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Federal court orders school district to establish a $265,160 trust to fund compensatory education for RCGZ client

In the June 12, 2017 decision L.M. & M.M. o/b/o G.M. v. Willingboro Township School District, attorney Amy Carolla vindicated in federal court a family’s right to a compensatory education fund of $265,160 because Willingboro School District deprived a young girl with multiple disabilities of three years of appropriate programming.  In a May 2016 opinion, Administrative Law Judge Joseph Martone found that G.M., who was five years old when Willingboro offered its first IEP, had multiple physical disabilities, a genetic deletion, feeding issues, severe speech and developmental delays, sensory integration dysfunction, and other challenges and the school district failed to gather and report information about the student’s performance or progress in any IEPs proposed for kindergarten through second grade. Consequently, Willingboro could not provide for appropriate accommodations, modifications to the curriculum, goals, or progress monitoring, all of which are the heart of an appropriate individual education plan. To rectify the district’s failure to provide an appropriate program, the Administrative Law Judge ordered compensatory education equal to the time period from January 7, 2013, through June 30, 2015.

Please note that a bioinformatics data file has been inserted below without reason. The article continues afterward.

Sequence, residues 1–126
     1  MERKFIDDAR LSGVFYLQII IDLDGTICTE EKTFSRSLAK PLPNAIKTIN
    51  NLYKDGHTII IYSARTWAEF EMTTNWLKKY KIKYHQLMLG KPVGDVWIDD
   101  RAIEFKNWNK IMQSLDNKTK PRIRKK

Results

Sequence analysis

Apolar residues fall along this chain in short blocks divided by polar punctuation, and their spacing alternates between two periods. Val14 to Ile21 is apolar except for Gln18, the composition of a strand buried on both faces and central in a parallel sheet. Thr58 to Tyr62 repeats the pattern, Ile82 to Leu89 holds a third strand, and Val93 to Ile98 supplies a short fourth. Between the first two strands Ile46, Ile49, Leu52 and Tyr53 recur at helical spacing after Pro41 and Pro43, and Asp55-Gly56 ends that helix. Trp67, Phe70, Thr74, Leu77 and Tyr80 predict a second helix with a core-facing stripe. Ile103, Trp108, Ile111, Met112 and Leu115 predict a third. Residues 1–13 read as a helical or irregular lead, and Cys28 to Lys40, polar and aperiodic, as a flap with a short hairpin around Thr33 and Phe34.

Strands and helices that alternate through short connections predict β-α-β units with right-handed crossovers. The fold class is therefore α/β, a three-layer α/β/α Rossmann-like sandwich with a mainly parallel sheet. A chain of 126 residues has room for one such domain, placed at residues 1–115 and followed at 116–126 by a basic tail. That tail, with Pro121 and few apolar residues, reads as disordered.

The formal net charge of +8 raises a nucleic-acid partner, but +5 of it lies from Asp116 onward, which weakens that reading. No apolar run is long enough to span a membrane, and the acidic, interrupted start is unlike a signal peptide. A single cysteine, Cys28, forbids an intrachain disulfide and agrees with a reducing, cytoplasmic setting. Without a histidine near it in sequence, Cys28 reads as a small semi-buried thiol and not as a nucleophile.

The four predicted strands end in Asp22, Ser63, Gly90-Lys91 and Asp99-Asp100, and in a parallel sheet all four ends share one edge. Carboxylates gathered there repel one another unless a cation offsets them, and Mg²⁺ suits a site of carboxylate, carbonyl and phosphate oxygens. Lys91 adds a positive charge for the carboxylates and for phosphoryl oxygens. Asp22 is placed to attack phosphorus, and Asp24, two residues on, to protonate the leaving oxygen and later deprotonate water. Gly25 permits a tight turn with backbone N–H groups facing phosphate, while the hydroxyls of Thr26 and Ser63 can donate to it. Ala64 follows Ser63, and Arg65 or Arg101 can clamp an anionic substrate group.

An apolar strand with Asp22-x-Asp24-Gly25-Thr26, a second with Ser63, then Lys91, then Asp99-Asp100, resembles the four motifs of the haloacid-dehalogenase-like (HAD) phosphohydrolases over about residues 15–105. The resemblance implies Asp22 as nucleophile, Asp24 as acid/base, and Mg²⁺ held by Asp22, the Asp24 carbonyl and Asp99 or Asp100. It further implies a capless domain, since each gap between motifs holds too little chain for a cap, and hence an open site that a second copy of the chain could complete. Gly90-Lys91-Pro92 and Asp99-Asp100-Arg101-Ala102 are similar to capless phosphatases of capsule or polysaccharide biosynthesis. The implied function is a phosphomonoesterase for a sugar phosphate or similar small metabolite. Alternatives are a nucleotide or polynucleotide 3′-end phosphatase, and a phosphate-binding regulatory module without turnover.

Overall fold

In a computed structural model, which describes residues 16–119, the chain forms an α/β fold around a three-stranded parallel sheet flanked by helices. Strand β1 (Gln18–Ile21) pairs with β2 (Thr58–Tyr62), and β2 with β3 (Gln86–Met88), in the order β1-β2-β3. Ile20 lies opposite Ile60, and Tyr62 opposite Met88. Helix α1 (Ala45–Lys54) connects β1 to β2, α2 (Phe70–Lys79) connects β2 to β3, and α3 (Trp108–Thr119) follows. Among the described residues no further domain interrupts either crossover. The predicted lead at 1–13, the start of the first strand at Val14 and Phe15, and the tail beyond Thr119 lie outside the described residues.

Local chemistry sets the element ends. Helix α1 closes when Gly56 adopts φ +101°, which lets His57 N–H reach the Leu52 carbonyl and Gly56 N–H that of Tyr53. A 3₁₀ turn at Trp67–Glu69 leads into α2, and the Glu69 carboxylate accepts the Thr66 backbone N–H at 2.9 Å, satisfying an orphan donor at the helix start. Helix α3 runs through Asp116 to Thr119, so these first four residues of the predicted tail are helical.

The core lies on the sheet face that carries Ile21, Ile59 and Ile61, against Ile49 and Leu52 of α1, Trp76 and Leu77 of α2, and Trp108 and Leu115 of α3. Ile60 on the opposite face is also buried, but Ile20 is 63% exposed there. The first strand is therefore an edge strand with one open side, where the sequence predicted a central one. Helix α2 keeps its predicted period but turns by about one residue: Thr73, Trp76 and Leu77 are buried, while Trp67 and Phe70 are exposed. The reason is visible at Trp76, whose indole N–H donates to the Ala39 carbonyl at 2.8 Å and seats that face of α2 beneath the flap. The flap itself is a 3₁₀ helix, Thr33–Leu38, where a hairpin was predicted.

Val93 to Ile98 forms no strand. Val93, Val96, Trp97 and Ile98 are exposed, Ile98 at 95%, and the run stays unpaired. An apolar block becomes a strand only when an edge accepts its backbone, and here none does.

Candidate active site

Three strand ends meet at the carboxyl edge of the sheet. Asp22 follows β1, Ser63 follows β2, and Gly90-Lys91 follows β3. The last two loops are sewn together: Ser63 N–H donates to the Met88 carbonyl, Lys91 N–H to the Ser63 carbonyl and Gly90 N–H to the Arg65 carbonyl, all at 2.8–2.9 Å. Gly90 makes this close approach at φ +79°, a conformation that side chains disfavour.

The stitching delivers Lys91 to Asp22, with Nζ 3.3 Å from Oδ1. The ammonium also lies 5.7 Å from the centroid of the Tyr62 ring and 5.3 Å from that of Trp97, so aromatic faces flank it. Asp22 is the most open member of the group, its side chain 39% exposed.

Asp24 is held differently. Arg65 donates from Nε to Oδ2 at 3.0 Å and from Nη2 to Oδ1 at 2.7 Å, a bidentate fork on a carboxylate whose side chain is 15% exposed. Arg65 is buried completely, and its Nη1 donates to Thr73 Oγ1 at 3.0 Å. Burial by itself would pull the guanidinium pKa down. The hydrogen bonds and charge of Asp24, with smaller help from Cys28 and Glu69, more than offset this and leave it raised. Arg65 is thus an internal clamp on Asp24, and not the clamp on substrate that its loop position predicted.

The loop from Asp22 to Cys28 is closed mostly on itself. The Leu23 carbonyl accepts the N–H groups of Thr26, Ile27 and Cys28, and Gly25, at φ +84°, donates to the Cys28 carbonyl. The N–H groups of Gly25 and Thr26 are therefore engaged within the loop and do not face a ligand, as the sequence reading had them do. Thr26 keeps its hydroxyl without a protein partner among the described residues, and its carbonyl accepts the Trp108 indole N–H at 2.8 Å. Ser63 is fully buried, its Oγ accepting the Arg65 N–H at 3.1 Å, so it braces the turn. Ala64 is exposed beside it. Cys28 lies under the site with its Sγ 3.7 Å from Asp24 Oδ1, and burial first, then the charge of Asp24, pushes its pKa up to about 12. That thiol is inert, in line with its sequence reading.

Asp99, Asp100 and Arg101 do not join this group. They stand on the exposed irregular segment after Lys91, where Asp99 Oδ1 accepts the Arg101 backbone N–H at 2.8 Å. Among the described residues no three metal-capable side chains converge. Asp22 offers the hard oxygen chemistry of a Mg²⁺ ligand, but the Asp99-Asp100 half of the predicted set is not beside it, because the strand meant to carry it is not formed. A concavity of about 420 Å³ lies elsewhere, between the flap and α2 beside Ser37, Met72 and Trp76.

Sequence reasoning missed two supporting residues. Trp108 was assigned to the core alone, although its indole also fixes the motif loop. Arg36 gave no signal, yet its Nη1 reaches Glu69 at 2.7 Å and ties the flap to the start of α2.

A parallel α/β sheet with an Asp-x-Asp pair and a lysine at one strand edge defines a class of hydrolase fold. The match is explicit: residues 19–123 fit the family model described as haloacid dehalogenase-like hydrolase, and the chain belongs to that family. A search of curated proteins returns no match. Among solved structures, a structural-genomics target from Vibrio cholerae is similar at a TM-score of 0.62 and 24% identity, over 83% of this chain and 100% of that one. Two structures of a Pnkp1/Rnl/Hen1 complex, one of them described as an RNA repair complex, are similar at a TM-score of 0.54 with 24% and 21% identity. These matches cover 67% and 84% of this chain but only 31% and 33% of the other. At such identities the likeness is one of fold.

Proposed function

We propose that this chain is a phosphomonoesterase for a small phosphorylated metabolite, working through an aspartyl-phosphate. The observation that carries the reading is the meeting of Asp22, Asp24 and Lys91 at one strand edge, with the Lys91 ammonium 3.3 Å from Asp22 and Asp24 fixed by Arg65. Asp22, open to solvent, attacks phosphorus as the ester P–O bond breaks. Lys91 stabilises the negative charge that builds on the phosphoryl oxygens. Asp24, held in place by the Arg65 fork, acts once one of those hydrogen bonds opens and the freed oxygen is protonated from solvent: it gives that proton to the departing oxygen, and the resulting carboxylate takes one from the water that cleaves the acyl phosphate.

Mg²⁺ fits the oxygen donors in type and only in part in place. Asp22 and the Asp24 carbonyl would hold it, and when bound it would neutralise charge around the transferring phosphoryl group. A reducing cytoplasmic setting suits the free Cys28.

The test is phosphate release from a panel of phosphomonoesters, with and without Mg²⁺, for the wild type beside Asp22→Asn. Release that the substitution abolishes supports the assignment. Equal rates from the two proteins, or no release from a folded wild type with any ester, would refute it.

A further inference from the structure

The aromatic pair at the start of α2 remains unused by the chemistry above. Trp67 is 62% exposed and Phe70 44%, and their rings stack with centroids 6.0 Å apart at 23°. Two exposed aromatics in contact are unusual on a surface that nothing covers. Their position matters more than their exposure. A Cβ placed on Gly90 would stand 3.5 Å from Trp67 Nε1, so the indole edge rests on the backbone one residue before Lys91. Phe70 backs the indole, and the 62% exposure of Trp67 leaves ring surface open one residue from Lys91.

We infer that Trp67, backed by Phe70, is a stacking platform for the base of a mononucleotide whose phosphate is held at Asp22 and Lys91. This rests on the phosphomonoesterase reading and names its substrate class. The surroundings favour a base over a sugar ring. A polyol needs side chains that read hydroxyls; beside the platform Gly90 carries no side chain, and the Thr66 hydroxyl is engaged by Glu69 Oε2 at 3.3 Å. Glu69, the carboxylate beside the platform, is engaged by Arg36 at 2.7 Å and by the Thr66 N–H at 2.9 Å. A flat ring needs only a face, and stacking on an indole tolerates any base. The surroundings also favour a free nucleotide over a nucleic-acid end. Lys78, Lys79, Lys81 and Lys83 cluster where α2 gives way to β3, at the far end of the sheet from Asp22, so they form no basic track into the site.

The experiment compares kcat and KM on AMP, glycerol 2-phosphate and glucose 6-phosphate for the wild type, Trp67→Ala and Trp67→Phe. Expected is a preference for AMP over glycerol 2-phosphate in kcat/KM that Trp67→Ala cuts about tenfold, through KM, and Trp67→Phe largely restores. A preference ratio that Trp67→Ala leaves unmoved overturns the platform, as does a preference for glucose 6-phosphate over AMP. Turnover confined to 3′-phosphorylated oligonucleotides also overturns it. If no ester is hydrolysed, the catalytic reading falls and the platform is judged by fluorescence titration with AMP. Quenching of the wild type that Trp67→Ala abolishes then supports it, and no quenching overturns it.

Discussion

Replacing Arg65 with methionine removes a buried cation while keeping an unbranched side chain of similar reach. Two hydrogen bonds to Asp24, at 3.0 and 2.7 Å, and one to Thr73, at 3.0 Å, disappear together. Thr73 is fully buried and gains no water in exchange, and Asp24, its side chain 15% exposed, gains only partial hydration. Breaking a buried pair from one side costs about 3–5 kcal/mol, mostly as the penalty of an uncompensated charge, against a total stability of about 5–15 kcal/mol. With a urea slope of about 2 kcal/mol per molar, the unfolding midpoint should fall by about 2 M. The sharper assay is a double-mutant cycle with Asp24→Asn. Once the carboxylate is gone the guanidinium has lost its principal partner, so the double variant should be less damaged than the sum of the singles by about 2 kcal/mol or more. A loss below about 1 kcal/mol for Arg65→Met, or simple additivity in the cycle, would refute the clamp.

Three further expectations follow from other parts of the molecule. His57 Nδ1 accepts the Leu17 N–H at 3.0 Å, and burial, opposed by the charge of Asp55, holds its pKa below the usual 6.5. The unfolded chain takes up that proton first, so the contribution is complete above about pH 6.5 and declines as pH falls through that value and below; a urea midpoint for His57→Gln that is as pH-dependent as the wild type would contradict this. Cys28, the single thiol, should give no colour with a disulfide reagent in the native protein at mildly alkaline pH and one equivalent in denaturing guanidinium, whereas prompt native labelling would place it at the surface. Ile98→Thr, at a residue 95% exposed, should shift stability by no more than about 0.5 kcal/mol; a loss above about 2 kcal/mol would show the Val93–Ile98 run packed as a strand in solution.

District of New Jersey Judge Joseph H. Rodriguez denied the school district’s appeal, ruling that the weight of the evidence supported the administrative decision.  Judge Rodriguez also rejected the school district’s attempt to interject new evidence regarding subsequent events that had no bearing on the determination below. Most importantly, Judge Rodriguez quantified the order for compensatory education, directing the school district to place $265,160 in trust for G.M.’s reasonable educational, rehabilitative, therapeutic, or recreational services delivered by a provider of her family’s choice. That remedy represents an hour-for-hour replacement for every hour of education she received under an inappropriate IEP that was not calculated to provide her with educational benefit, following the guidance of M.C. v. Cent. Reg’l Sch. Dist., 81 F.3d 389, 391-92, 396-97 (3rd Cir. 1996), at the rate of $80 per hour.